One type of coverage to consider is general liability insurance. It can help cover the costs associated with third-party accidents. If you own a restaurant or have a food truck or run a food-delivery service, this type of insurance can sometimes help cover you in the event a claim is filed as a result of a foodborne illness, but you'll want to check your specific policy or ask your insurance carrier to confirm.
Another type of coverage to think about? Workers’ compensation insurance. It can help financially protect your business and help take care of your employees if they get injured or sick while working on the job.
It makes perfect sense that insurance is probably the last thing you want to think about when running a business. But don’t let it stress you out. That’s why we’re here to help.
The Simply Business® team routinely helps small businesses, including those in the food-services industry. We’ll work with leading insurers to find coverages tailored to your specific business needs at an affordable price.
The best part? We give you two options to make the process simple and easy.
Following the basics of food safety is always a good idea for preventing foodborne illness. However, if there’s anything that the COVID-19 pandemic has taught us, it’s that it’s equally important to expect the unexpected — and do your best to prepare for it. That’s why knowledge, prevention, and protection are important.
Hopefully, this article gives you food for thought in those three areas. Because some of the best ways to maintain business stability in the ever-changing food-services industry are: One, understand the supply-chain challenges; two, stay on top of food-safety solutions; and three, financially protect your business — with insurance.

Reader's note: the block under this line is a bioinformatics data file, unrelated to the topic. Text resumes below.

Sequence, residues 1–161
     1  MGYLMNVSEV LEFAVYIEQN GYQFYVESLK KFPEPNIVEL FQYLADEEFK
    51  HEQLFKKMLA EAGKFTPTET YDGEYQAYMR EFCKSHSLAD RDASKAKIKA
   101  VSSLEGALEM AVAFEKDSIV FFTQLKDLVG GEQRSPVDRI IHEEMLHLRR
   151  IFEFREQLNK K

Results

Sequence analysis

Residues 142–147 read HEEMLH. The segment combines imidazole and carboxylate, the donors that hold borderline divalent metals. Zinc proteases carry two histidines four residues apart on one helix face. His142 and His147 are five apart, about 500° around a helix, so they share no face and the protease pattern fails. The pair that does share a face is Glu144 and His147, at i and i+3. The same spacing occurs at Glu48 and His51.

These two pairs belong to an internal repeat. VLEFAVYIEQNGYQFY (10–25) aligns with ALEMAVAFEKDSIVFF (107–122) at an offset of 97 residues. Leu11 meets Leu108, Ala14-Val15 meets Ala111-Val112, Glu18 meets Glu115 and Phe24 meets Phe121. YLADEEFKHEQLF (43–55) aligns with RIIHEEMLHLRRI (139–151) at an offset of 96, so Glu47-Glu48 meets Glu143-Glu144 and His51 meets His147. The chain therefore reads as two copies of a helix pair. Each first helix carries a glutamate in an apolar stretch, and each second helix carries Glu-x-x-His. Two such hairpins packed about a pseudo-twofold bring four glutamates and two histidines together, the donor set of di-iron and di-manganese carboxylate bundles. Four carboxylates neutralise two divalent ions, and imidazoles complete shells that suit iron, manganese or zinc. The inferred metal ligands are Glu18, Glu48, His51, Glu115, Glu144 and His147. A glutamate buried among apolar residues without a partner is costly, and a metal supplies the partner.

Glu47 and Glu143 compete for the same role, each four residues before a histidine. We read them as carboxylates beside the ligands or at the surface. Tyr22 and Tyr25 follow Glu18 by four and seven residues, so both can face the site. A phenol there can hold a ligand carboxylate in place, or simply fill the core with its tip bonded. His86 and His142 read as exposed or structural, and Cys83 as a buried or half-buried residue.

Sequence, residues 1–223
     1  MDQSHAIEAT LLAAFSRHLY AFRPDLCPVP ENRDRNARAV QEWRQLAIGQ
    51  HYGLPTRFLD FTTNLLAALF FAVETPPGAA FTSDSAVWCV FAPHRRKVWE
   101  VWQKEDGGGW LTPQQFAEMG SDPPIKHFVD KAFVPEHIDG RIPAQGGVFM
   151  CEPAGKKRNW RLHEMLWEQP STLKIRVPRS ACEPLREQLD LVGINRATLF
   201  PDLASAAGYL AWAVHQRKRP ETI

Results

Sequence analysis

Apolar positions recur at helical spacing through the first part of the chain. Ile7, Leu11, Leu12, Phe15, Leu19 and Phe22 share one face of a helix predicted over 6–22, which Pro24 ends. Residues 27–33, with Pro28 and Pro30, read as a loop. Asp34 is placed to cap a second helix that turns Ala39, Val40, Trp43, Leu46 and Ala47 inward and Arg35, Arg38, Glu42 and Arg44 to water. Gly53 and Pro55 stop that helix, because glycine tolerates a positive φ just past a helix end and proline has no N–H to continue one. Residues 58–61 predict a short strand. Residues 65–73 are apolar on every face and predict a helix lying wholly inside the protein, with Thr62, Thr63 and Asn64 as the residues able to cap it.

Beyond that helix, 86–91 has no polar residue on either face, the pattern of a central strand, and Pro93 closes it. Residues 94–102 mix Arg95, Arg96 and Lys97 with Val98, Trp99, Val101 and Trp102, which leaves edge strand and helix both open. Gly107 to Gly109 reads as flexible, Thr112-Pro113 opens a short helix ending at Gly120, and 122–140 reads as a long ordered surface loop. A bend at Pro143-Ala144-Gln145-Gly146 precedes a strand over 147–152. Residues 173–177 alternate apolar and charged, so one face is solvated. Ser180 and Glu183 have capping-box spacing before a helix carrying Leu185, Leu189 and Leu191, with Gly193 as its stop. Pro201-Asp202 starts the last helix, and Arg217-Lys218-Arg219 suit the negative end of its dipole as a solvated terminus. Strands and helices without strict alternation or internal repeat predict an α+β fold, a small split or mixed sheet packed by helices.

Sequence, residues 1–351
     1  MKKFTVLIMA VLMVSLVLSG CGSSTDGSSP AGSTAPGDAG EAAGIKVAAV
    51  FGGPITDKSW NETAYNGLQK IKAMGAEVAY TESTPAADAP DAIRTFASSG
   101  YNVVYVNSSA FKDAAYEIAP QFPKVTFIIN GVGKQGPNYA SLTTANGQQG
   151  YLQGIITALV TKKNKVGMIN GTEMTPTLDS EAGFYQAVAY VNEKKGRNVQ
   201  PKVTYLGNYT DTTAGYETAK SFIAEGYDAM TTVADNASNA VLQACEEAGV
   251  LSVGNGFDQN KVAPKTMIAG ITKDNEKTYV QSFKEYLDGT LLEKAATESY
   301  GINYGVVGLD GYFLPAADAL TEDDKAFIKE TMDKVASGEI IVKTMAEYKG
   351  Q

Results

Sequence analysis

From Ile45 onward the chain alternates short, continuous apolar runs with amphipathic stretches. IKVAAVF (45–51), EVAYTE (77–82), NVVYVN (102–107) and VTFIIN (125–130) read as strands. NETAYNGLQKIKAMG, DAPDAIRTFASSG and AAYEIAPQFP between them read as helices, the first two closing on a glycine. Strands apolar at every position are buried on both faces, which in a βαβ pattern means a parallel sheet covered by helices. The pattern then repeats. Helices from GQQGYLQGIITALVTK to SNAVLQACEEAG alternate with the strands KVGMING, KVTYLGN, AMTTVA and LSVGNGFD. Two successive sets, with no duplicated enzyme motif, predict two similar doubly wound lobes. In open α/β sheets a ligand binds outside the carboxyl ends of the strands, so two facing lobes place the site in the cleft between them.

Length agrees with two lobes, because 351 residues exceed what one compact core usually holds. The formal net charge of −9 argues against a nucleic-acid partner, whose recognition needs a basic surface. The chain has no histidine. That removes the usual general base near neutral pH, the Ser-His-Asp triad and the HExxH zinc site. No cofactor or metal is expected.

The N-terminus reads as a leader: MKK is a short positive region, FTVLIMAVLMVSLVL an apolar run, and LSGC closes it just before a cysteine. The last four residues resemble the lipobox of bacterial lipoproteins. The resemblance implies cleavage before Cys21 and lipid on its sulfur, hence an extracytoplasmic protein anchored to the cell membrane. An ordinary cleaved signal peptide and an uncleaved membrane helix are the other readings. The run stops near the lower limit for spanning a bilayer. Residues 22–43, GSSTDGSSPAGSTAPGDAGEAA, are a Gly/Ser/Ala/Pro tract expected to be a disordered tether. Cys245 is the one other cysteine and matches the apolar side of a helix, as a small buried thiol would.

I went to college to be an accountant and graduated with a degree in creative writing. Words won out over numbers, but barely. All credit goes to my parents. Had they talked about anything other than banking at the dinner table growing up—and had they never bribed me with Pop-Tarts to read books, play with my Matchbox cars and quietly exercise my imagination—who knows where my left and right brain would be today.
Chris writes on a number of topics such as legal resources, small business taxes, and social media marketing.
This content is for general, informational purposes only and is not intended to provide legal, tax, accounting, or financial advice. Please obtain expert advice from industry specific professionals who may better understand your business’s needs. Read our full disclaimer